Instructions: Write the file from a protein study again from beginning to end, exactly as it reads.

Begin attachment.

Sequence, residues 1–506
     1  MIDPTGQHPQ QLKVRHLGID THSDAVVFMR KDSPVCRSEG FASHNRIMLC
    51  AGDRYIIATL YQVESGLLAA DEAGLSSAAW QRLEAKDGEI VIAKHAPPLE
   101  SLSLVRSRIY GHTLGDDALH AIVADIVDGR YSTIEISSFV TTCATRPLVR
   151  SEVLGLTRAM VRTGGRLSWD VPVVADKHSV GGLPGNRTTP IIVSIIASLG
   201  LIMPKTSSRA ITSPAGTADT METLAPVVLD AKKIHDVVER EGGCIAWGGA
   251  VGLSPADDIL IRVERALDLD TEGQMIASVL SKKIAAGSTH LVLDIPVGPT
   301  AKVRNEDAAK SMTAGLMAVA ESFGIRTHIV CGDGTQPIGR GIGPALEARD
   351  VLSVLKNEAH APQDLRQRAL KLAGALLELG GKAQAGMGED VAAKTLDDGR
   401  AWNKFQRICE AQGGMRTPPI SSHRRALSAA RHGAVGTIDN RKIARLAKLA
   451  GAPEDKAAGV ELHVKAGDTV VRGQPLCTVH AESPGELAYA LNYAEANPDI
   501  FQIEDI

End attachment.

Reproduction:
Sequence, residues 1–506
     1  MIDPTGQHPQ QLKVRHLGID THSDAVVFMR KDSPVCRSEG FASHNRIMLC
    51  AGDRYIIATL YQVESGLLAA DEAGLSSAAW QRLEAKDGEI VIAKHAPPLE
   101  SLSLVRSRIY GHTLGDDALH AIVADIVDGR YSTIEISSFV TTCATRPLVR
   151  SEVLGLTRAM VRTGGRLSWD VPVVADKHSV GGLPGNRTTP IIVSIIASLG
   201  LIMPKTSSRA ITSPAGTADT METLAPVVLD AKKIHDVVER EGGCIAWGGA
   251  VGLSPADDIL IRVERALDLD TEGQMIASVL SKKIAAGSTH LVLDIPVGPT
   301  AKVRNEDAAK SMTAGLMAVA ESFGIRTHIV CGDGTQPIGR GIGPALEARD
   351  VLSVLKNEAH APQDLRQRAL KLAGALLELG GKAQAGMGED VAAKTLDDGR
   401  AWNKFQRICE AQGGMRTPPI SSHRRALSAA RHGAVGTIDN RKIARLAKLA
   451  GAPEDKAAGV ELHVKAGDTV VRGQPLCTVH AESPGELAYA LNYAEANPDI
   501  FQIEDI